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Sensors 2010, 10(11), 10095-10104; doi:10.3390/s101110095

Article
Polypyrrole Porous Micro Humidity Sensor Integrated with a Ring Oscillator Circuit on Chip
Department of Mechanical Engineering, National Chung Hsing University, Taichung, 402, Taiwan
*
Author to whom correspondence should be addressed.
Received: 25 September 2010; in revised form: 28 October 2010 / Accepted: 28 October 2010 / Published: 10 November 2010

Abstract

: This study presents the design and fabrication of a capacitive micro humidity sensor integrated with a five-stage ring oscillator circuit on chip using the complimentary metal oxide semiconductor (CMOS) process. The area of the humidity sensor chip is about 1 mm2. The humidity sensor consists of a sensing capacitor and a sensing film. The sensing capacitor is constructed from spiral interdigital electrodes that can enhance the sensitivity of the sensor. The sensing film of the sensor is polypyrrole, which is prepared by the chemical polymerization method, and the film has a porous structure. The sensor needs a post-CMOS process to coat the sensing film. The post-CMOS process uses a wet etching to etch the sacrificial layers, and then the polypyrrole is coated on the sensing capacitor. The sensor generates a change in capacitance when the sensing film absorbs or desorbs vapor. The ring oscillator circuit converts the capacitance variation of the sensor into the oscillation frequency output. Experimental results show that the sensitivity of the humidity sensor is about 99 kHz/%RH at 25 °C.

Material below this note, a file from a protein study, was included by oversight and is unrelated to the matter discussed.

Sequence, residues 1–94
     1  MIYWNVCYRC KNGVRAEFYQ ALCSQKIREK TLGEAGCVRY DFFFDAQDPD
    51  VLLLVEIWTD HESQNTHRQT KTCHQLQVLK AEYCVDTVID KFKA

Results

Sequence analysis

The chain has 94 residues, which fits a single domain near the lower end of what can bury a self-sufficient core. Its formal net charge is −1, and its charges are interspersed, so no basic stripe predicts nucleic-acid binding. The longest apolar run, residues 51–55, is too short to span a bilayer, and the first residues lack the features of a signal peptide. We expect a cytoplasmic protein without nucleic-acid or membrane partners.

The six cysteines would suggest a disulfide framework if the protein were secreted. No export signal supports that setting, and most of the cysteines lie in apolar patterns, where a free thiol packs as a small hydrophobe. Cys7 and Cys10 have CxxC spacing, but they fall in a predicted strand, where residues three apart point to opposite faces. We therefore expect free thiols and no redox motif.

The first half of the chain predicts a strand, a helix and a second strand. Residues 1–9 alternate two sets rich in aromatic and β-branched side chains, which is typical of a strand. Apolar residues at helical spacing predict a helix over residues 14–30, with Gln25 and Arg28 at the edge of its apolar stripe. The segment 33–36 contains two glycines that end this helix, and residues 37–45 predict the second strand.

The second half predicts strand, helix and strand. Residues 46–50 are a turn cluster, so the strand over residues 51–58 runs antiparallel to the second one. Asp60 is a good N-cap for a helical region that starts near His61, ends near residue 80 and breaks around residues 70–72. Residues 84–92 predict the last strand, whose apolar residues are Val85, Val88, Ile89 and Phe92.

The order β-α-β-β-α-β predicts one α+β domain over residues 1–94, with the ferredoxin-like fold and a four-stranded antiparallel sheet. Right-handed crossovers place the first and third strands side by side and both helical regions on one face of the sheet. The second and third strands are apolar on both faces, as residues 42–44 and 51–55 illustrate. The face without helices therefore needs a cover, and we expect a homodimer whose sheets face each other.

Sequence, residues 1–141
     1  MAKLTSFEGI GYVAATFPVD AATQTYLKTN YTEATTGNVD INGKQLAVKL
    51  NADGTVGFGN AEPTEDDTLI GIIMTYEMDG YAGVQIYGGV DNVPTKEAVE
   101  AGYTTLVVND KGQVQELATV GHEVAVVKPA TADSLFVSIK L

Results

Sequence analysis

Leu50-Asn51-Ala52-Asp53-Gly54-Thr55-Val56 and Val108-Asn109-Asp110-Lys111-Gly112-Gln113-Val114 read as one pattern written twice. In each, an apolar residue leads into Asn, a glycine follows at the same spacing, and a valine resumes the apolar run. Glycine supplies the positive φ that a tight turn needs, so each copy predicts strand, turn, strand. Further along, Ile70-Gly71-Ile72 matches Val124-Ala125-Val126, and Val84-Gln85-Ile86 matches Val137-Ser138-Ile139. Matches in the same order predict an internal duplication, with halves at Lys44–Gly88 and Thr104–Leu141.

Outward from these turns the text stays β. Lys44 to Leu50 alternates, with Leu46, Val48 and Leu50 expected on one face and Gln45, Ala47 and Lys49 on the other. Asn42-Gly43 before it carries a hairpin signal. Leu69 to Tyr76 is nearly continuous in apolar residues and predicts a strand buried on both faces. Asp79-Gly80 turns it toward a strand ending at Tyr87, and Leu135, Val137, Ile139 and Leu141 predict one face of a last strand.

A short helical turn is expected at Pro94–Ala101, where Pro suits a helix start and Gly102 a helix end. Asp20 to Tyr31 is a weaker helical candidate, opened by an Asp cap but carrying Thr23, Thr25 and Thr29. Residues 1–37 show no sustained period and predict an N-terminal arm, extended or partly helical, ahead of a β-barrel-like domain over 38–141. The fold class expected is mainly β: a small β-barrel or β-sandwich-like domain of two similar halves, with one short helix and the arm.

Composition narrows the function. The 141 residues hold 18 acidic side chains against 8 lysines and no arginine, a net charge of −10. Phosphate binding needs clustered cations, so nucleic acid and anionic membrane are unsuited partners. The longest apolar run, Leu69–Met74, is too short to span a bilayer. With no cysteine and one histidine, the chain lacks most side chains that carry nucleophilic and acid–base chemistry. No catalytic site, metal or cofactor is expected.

Keywords:
humidity sensors; polypyrrole; CMOS-MEMS; ring oscillator circuits

1. Introduction